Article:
Dessert wine

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Grapes for ice wine
A Caluso Passito from Piedmont
Amontillado sherry in a typical Catavino glass

Dessert wine or sweet wine is a collective term that describes full-bodied wines with a strong sweetness. Traditionally, in some countries and wine regions such wines are often served at the end of a meal with dessert or cheese . The terms "dessert wine" and "sweet wine" are often used colloquially synonymously , but are not defined in either European or German wine law. Dessert wines are both alcohol- enriched ("fortified") wines ( liqueur wines ) and wines whose strong sweetness is formed by concentrating the must sugar naturally contained in the grapes . The presence of strong residual sweetness is characteristic of all dessert wines . This arises from the fact that either the wine yeast dies due to the high alcohol or must sugar content or the fermentation is stopped by the winemaker before all existing sugar has fermented into alcohol.

Basic processes and manufacturing methods

Two basic processes are used to produce dessert wines, which in turn can be varied in many ways. This results in different, often regionally specific production methods with different styles and degrees of sweetness:

Concentration of the sugar present in the grapes

Liqueur wine (fortified sweet wine)

The fermentation of the very sugar-rich must is artificially stopped by adding 96% alcohol or thickened, fortified must. This kills the yeast and prevents further conversion of sugar into alcohol.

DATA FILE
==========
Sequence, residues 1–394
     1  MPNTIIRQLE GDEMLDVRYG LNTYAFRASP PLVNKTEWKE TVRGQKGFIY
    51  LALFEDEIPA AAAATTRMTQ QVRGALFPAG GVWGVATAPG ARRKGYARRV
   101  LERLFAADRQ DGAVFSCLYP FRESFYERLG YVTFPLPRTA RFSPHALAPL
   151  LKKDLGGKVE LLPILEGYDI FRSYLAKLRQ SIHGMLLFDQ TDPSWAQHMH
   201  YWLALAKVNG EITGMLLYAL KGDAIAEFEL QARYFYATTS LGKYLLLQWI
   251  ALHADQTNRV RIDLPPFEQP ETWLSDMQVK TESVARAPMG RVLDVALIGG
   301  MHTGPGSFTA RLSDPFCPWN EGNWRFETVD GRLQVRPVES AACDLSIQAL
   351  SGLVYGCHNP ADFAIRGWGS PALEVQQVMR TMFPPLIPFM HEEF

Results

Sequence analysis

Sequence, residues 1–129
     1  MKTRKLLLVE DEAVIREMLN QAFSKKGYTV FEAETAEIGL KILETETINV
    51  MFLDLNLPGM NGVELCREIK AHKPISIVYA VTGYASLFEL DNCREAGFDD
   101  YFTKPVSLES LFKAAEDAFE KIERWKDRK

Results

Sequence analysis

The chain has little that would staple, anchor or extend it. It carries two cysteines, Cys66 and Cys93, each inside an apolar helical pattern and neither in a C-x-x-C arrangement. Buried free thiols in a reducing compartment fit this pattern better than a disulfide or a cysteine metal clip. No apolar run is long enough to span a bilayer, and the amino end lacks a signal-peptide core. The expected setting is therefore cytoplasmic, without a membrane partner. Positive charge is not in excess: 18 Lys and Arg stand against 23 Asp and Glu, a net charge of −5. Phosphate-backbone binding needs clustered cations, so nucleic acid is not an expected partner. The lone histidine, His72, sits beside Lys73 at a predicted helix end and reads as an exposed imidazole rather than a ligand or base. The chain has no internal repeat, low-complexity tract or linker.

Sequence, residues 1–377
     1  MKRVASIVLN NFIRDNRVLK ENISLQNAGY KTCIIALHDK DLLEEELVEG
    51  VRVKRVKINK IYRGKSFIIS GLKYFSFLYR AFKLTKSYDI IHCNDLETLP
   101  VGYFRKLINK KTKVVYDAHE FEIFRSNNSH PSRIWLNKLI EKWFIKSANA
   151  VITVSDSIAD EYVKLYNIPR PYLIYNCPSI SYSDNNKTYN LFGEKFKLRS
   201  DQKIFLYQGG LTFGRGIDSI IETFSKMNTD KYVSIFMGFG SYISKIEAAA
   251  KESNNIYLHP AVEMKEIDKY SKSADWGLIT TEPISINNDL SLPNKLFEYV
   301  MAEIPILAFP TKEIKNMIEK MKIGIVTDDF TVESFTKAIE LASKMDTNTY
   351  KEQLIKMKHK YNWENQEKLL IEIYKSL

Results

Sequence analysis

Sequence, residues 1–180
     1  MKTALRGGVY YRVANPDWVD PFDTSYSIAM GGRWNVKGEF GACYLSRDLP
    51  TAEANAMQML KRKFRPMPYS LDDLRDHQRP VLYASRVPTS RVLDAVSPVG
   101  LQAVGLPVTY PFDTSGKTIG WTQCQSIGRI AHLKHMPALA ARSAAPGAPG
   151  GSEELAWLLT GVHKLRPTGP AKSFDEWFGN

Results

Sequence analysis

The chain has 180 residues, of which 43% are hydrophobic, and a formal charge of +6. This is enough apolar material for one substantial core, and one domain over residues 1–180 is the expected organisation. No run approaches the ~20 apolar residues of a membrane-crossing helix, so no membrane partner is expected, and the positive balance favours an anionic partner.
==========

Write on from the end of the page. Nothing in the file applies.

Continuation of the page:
Well-known products traded as dessert wines or sweet wines are labeled with different names.

Wines through natural concentration: Auslese, Beerenauslese, Trockenbeerenauslese, Eiswein.
Wines through natural concentration: Ausbruch, Auslese, Beerenauslese, Trockenbeerenauslese, Eiswein, Strohwein
Wines by natural concentration: Vin Santo and Recioto such as ( Recioto di Gambellara , Recioto di Soave and Recioto della Valpolicella ).
Wine, by sprinkling: Marsala .
Wine through natural concentration: Tokaj .
Wines through natural concentration:
Alsace: Vendanges tardives or Sélection des grains nobles (comes close to the German design of a Beerenauslese);
Bordeaux: Sauternes and Barsac .
Jura : Vin de Paille.
Jurançon : Vendanges tardives.

Liqueur wines (fortified sweet wines) are declared as Vin Doux Naturel under wine law , examples are: Rivesaltes, Banyuls, Maury , Muscat de Beaumes-de-Venise, Muscat de Frontignan or Muscat de Rivesaltes .

Wine by sprinkling, example: sherry . Partial split: Málaga .
Wines by spraying: Port wine, Madeira, Moscatel de Setubal, Moscatel de Duoro

Web links

Wiktionary: Dessert wine  - explanations of meanings, word origins, synonyms, translations
Wiktionary: Sweet wine  - explanations of meanings, word origins, synonyms, translations


Individual evidence

  1. Jancis Robinson: The Oxford Wine Lexicon. Hallwag Verlag, Munich 2003, p. 739 f.